Re: Booting problem with old HD

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vinod gullu wrote:
Dear All,
I had a Laptop which died a month ago. So i took out
the LAptop HD and connected it to my desktop through
USB. During boot setup i enabled boot USB as 1st
option. Now The grub menu comes but without background splash
image . Also If i choose to boot linux or windows. A
error message comes

ERROR 18:   selected cylinder length exceeds the max
supported by BIOS.

I even changed the grub.conf by modifying hd0 to hd1
as fdisk -l recognises it as sdb. But again same

Can anyone help me to sort out the issue as i want to
boot the LAPTOP HD for most of my work.
1. Using Windows is almost (IANAL and most certainly not an Indian
lawrer) certainly illegal. Typically, the Windows licence permits you
to use _that copy_ on your laptop and nowhere else.
2. I understand Windows doesn't boot from USB. It would be too easy to
flout 1.
3. Try booting grub from something else, then type the commands in from
its shell. Linux _should_ work, but I'm not so sure about grub.
4. I all else fails, install a new disk in the desktop, create a Linux
partition that is no smaller than the laptop drive's Linux partition.
Then, assuming
a. your new disk is /dev/hdb,
b.  the partition is 1,
c. that your laptop's drive is /dev/sdb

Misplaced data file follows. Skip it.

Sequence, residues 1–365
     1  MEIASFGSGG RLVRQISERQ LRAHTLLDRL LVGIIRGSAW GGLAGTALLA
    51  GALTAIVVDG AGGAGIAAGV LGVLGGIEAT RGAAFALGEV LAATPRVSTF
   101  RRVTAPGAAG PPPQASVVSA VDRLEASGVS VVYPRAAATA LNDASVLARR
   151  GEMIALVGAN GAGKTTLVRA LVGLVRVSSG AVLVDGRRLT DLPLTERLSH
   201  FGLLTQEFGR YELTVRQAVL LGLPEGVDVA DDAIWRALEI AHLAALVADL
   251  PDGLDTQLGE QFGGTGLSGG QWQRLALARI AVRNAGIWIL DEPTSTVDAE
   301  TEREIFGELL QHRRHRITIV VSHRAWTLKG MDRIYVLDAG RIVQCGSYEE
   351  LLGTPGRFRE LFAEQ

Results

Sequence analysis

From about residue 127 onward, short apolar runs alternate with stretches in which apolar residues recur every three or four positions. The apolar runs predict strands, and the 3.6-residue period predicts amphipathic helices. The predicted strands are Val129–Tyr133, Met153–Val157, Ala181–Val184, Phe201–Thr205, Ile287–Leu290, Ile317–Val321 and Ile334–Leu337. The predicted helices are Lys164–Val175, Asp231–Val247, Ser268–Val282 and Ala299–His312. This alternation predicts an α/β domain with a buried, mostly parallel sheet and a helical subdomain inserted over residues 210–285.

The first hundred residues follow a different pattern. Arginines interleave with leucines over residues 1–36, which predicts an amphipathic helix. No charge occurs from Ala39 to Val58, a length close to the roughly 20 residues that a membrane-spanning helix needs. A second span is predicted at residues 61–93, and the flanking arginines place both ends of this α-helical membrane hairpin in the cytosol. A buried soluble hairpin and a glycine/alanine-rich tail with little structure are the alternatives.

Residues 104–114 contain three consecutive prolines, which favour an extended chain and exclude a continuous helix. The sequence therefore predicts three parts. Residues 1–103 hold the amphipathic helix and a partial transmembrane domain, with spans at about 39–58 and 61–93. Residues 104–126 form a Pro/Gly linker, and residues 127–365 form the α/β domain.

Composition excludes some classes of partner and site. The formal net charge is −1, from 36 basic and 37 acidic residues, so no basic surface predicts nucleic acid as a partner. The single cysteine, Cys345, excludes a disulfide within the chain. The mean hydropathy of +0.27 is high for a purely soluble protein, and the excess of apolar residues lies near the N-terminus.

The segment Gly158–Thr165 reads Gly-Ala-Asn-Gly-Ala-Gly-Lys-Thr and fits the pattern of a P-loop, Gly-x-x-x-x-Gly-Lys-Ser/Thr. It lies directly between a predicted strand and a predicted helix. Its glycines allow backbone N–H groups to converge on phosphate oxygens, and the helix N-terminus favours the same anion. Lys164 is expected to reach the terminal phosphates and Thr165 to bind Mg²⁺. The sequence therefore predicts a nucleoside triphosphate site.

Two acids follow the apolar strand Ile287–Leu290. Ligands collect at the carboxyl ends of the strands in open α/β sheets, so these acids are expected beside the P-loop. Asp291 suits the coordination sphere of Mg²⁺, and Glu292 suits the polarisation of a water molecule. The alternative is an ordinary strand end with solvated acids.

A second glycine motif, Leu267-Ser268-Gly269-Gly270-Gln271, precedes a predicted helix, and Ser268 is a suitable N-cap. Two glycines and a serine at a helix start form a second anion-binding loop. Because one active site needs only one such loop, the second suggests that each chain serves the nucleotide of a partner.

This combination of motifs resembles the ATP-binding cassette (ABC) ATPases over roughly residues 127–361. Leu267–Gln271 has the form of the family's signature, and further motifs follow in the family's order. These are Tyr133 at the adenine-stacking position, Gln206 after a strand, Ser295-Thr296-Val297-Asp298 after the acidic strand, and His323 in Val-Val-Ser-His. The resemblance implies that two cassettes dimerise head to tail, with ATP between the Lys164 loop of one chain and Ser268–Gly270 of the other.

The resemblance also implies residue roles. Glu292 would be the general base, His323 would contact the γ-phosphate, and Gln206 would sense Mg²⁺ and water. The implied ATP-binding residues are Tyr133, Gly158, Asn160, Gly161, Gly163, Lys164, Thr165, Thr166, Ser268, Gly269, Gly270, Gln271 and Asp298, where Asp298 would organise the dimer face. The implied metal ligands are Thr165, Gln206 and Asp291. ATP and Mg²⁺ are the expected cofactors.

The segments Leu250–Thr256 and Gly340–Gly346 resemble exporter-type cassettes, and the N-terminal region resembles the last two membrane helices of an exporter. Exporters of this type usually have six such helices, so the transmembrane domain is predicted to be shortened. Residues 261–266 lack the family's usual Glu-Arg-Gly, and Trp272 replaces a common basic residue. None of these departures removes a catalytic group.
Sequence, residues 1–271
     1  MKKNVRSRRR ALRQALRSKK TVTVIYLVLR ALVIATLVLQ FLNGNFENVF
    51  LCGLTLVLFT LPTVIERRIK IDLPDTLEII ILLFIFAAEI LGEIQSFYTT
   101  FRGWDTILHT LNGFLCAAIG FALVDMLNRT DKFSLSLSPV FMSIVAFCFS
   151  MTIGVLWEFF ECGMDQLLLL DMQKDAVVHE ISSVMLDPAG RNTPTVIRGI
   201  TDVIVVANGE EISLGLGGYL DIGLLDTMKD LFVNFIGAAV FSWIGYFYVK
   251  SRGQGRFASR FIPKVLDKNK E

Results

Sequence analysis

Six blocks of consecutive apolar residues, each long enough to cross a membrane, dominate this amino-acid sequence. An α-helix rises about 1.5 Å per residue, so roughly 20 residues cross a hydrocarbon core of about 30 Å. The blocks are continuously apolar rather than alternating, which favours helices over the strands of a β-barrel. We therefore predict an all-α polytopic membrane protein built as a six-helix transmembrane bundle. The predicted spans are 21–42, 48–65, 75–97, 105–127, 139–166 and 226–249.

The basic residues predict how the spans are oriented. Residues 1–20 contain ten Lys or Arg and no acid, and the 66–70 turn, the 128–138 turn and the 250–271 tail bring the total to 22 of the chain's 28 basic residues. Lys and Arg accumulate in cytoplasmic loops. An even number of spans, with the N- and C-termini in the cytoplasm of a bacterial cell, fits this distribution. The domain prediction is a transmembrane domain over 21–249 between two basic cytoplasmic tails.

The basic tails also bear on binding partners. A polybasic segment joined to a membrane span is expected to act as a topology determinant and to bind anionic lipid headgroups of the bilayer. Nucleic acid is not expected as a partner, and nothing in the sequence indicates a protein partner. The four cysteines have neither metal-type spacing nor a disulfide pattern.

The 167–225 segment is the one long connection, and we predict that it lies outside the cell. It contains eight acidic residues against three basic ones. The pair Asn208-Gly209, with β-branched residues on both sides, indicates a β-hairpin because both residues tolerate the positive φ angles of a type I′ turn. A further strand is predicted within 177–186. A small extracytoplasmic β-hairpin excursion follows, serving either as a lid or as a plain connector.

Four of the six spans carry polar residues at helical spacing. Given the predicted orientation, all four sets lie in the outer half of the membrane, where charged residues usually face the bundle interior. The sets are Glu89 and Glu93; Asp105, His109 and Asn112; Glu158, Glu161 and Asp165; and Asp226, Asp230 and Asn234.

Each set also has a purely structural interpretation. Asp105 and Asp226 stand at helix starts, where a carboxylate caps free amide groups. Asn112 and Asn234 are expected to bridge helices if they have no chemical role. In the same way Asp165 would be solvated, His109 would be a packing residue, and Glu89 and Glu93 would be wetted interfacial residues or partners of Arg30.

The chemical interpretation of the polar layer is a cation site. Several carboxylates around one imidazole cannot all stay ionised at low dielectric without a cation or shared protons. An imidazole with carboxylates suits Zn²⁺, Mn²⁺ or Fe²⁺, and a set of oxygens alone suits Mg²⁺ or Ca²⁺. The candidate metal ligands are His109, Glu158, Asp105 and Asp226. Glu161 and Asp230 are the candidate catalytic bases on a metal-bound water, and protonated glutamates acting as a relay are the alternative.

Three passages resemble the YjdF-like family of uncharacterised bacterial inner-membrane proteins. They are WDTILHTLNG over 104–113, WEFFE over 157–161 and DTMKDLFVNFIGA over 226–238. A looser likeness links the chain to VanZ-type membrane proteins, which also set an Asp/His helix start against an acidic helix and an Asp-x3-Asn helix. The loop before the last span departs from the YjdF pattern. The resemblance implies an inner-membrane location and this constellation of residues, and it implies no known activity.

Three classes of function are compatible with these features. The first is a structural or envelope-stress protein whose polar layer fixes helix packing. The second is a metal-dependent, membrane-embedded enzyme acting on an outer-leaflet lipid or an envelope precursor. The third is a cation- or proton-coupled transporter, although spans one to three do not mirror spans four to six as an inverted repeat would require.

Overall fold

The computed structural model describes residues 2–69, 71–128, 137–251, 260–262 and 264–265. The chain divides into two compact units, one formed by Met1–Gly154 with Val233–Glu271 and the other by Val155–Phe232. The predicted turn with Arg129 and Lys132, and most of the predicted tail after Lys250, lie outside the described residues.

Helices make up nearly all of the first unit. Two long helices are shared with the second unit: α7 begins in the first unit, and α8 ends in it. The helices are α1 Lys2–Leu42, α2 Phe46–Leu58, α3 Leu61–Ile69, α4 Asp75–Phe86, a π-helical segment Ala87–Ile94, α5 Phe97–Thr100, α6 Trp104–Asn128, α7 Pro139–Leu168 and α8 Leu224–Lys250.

d. your Linux is on partition 5,
e. You are not using lvm
f. You are using ext3
copy it like this:
dd of=/dev/hdb1 if=/dev/sdb5
# Pay particular care that of correctly specifies the parition you want to copy to.
resize2fs /dev/hdb1
# This might ask you to do an e2fsck. If so, do it as it asksm and repeat the resize2fs
You should be able to boot this from your existing drive, from grub's
shell using commands like this:
chainloader (hd1,1)+1

You can then install grub to the new disk's MBR, and set the other grub the chain to this one.

If you're using LVM, or some other filesystem, the same general procedure works, but you will need to adjust the particulars.
You _can_ copy your windows system too, using the NTFS tools, but I
don't expect it to run.
From there, if your desktop's licenced for Windows, you can (probably)
install to your new NTFS partition without reformatting, and retain your
existing data. Note that installing Windows replaces the MBR.
Thanks in advance.


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